Yoghurt is really very easy to make at home. All you need is some yoghurt as a starter, and some full cream milk. I have been making my own yoghurt all this while, the only time I buy yoghurt is when I ran out of yoghurt as a starter to make another batch of yoghurt. I used my homemade yoghurt for baking, cooking, desserts or just eat it as it is. It is also great with some granola or fresh fruits and makes a wonderful ingredient in dressings and sauces.
When a recipe calls for buttermilk in cakes baking, I would substitute buttermilk with a mixture of homemade yoghurt and milk (source from Dorie Greenspan), ratio is 1/3 cup yoghurt and 2/3 cup of milk, stir to combine and leave for about 5 minutes before using. It works out great each time,
I have posted before how I made plain yoghurt, and today, I'm sharing my Homemade Vanilla Yoghurt.
The ingredients for making yoghurt : Fresh Yoghurt and Full Cream Milk
I always use Sunglo fresh yoghurt, which contains live ABT cultures, the microorganisms which helps to convert milk into yoghurt, and is beneficial to human health. Whatever brand of yoghurt you use, make sure that it contains ABT cultures. And I always use full cream milk, which makes a creamier yoghurt than using low-fat milk.
You would only need about 2 tablespoons or so of yoghurt as a starter, and if you are wondering what to do with the rest of the yoghurt in the tub, simply freeze them in ice cube trays, store them in the freezer and each time you need to use, take the amount required and thaw before use. Here is how I store the unused store-bought yoghurt :
What to do with leftover yoghurt :
1. Take out the amount you need and place it into a mug. I would call this as the yoghurt starter.
2. Fill up the ice cube trays with the balance yoghurt.
3. Place in the freezer overnight until frozen solid.
4. The frozen cubes of yoghurt.
5. I placed each cube of frozen yoghurt in small plastic bags. I would recommend packing the cubes in small plastic bags, as I find that when I store them together without the plastic bags, they tend to stick together and it would be difficult to separate them when they are frozen.
6. Fold each of the small plastic bags over and place them in a zip lock bag. Store in the freezer and each time when you need some (either for yoghurt making or in a dish which requires just a small amount of yoghurt, this would come in handy) , just take the amount required, and thaw before use.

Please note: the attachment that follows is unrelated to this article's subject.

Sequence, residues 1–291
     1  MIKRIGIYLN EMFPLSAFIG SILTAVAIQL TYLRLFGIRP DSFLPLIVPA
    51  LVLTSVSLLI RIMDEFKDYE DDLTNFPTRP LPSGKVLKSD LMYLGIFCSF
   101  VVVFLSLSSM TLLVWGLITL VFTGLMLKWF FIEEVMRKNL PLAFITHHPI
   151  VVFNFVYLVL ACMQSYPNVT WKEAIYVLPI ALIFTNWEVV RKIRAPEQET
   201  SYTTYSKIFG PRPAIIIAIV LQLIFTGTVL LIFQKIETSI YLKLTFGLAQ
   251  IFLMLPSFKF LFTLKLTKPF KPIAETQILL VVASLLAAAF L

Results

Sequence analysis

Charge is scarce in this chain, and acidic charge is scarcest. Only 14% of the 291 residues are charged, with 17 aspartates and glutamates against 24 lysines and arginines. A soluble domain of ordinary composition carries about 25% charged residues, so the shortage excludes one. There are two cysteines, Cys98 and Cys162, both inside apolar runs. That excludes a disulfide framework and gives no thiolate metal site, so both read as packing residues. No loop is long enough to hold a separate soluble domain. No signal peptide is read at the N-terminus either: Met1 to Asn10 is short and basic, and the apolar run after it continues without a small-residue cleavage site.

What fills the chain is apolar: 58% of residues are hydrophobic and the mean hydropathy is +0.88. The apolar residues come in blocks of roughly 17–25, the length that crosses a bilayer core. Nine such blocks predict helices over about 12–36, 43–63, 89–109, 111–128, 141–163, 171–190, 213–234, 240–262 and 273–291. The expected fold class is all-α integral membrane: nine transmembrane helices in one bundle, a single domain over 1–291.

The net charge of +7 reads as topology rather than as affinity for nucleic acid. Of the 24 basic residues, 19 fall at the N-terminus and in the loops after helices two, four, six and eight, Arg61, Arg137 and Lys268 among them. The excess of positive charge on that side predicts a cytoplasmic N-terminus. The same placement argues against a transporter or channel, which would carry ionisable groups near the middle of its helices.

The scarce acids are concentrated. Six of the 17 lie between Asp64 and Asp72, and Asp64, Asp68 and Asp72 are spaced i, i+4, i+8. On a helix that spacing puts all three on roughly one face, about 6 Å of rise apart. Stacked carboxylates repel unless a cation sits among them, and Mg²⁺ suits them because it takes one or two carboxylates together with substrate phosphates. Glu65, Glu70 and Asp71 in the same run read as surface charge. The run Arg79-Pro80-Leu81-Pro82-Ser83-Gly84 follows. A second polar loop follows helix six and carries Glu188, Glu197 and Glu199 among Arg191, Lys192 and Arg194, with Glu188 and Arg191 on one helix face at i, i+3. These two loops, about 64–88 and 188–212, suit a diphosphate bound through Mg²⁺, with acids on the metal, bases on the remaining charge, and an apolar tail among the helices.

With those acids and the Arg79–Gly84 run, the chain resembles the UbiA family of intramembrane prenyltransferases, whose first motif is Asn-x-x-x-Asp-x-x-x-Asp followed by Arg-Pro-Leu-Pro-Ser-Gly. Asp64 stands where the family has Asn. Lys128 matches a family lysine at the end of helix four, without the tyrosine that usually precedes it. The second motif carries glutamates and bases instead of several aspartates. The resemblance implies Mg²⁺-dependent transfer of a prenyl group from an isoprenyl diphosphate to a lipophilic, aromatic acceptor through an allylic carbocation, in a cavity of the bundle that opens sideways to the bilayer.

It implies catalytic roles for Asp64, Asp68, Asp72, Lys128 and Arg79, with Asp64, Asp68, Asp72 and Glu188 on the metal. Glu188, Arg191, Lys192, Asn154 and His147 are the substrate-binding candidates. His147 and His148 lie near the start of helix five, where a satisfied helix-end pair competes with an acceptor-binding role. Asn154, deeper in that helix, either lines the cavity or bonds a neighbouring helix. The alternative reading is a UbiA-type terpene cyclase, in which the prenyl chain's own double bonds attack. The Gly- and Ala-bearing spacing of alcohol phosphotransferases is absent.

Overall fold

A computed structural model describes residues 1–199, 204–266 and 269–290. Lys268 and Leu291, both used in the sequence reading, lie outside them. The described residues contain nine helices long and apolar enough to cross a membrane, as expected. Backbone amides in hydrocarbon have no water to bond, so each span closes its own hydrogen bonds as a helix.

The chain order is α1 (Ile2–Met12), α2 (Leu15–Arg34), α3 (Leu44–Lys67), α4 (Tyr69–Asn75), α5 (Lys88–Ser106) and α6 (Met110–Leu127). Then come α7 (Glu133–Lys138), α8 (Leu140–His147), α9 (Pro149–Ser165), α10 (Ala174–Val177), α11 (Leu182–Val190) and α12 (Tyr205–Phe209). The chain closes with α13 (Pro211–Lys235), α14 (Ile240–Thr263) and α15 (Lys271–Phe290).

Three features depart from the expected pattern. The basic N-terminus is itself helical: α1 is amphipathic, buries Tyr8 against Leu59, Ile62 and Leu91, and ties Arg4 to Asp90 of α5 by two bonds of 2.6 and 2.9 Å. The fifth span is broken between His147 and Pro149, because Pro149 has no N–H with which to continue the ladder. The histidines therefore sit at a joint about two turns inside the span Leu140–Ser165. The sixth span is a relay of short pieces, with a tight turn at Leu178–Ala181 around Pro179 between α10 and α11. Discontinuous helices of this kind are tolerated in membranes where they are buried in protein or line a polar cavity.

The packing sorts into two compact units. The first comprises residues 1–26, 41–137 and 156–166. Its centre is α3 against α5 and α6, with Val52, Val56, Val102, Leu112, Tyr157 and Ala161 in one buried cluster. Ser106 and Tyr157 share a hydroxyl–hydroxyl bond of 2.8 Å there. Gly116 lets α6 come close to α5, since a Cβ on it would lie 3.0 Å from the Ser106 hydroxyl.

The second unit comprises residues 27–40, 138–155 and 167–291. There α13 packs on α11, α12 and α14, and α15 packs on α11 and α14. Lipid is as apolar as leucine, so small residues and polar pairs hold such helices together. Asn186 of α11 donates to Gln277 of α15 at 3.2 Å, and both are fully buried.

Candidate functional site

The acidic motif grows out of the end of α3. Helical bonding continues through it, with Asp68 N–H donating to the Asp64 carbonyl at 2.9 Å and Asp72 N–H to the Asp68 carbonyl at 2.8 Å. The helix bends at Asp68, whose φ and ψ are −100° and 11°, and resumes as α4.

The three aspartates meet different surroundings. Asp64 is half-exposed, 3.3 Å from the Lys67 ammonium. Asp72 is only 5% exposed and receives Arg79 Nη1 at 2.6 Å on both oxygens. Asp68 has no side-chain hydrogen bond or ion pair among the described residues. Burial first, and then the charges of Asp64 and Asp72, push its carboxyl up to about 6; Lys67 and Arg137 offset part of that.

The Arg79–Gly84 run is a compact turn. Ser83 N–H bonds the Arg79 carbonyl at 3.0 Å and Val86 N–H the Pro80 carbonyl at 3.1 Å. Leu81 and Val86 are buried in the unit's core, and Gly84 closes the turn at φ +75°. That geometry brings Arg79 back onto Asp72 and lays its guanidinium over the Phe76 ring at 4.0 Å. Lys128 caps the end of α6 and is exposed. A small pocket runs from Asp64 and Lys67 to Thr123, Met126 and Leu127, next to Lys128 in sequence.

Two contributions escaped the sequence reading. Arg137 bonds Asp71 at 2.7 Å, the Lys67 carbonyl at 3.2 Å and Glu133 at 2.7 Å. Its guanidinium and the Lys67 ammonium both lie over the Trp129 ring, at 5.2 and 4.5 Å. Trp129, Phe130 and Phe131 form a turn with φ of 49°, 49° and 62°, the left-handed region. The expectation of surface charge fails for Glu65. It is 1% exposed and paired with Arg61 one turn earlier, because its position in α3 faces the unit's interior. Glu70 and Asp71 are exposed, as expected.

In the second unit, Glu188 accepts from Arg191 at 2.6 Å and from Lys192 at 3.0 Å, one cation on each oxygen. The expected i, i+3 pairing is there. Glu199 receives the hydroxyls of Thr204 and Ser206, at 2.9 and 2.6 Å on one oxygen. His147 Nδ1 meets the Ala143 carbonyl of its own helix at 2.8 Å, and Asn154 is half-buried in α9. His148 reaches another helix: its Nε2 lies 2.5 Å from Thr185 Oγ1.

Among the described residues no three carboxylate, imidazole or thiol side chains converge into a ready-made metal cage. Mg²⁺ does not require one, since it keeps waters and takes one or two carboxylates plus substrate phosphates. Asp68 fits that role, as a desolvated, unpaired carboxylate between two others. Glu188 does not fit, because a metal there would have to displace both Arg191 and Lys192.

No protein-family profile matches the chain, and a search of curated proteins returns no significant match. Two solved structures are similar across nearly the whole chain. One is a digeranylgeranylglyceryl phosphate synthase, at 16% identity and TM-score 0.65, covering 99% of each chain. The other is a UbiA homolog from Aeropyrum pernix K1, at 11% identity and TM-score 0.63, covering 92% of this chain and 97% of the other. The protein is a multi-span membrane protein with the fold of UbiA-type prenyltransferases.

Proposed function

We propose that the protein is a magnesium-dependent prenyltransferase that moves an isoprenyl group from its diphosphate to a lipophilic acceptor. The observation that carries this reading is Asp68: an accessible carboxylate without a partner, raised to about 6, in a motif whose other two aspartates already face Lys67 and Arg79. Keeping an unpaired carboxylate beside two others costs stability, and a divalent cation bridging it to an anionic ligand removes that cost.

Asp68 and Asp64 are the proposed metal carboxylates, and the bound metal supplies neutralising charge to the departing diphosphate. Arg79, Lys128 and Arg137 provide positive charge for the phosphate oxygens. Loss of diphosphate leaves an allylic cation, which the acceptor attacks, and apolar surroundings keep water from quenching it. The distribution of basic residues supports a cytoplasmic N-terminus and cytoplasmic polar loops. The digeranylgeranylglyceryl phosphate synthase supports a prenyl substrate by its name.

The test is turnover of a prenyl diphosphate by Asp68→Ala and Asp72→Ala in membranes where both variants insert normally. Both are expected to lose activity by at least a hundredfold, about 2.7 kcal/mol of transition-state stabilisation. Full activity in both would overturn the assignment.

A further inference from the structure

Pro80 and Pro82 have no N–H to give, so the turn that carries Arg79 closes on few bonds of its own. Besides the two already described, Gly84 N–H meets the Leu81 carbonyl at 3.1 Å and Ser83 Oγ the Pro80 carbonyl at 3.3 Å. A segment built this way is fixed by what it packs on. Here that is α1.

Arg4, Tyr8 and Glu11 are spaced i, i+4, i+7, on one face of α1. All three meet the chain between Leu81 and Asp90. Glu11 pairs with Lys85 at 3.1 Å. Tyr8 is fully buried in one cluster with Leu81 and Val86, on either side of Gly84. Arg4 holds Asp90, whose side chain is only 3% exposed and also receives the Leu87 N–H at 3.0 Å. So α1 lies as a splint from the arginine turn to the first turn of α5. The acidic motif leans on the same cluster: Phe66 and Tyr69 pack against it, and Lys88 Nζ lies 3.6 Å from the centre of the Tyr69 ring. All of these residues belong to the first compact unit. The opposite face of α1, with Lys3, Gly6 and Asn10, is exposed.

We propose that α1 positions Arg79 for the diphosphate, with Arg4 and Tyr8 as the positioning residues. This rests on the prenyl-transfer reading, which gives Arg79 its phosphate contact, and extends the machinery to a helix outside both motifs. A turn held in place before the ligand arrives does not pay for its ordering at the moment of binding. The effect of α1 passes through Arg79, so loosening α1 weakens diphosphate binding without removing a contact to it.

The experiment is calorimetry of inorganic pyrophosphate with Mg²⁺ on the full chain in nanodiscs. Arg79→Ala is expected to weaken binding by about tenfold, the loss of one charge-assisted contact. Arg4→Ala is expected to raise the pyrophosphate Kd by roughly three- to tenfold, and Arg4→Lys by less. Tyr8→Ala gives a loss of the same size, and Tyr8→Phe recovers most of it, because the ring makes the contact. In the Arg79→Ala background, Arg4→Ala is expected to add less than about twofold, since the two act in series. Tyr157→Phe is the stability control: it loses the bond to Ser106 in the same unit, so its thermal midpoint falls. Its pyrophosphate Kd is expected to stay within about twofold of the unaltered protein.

Now, lets's make some yoghurt :
To make two cups of yoghurt :
1. Put two cups of full cream milk into a medium pot.
2. Slit open a vanilla bean, scrape out the seeds, put the seeds and the vanilla pods into the milk. (If you are making plain yoghurt, simply omit the vanilla bean).
3. Heat the milk over low heat, and bring it to just under a boil, when the milk at the sides of the pot is just beginning to boil. Turn off heat, let milk cool to just warm to the touch, which would take about 30-45 minutes.
4. Scoop about one third cup of warm milk into the reserved yoghurt starter in the mug. The milk must be just warm, as too hot, it will kill the microorganism in the starter. Stir to combine well, making sure that the yoghurt starter is fully dissolved.
5. Pour the starter mixture back into the pot of milk. Stir till evenly combined.
6. Remove the vanilla pod.
7. Strain the mixture over a sieve into a clean container, to remove any milk skin or curdles that has formed. Don't worry, most of the tiny vanilla seeds will go thru the strainer.
8. The strained milk with the speckled of vanilla seeds.
9. Close the container. Leave at room temperature overnight, or longer, in a warm corner, undisturbed, until yoghurt sets.
10. Or, simply do as I always do, place the container of yoghurt in a microwave oven, with a cup of hot water next to it. DO NOT TURN ON THE MICROWAVE OVEN. Close the microwave oven, leave the container in it overnight to set. Remember do not turn on the oven, it is merely acting as a vacuum so that the hot vapour from that cup of hot water will circulate within the oven, and to keep the microorganisms happy in the warm environment that they will help to set the yoghurt.
Homemade Vanilla Yoghurt. Store the container in the fridge and enjoy!
This is the plain yoghurt which I made the week before. For plain yoghurt, simply omit the vanilla beans.
You could use your own homemade yoghurt as a starter for the next batch of yoghurt. I have made yoghurt using my own homemade yoghurt as a starter, which is good for two batches, and after that it would be advisable to start on a fresh yoghurt starter with live ABT cultures.
And if you need some Greek yoghurt, you can make your own too. Place two layers of cheese cloth over a sieve, and place the sieve in a bowl. Pour two cups of homemade yoghurt onto the cheese cloth, and place the sieve with the bowl in the fridge, for a few hours or overnight. The thickened yoghurt collected on the cheese cloth will be the Greek yoghurt and the whey collected in the bowl can either be discarded or use for bread making.
Now you have seen how easy to make your own yoghurt! There's no need to get one of those yoghurt making machine, you do not really need it. If you have not tried making your own yoghurt before, give it a try, you will enjoy the process of making it, and even better, the rewards of creamy homemade yoghurt to be enjoyed later! And it is so much cheaper to make your own!
This post is linked to the event Little Thumbs Up (May 2015 : Yoghurt) organized by Zoe of Bake For Happy Kids and Doreen of My Little Favourite DIY, and hosted by Cheryl of Baking Taitai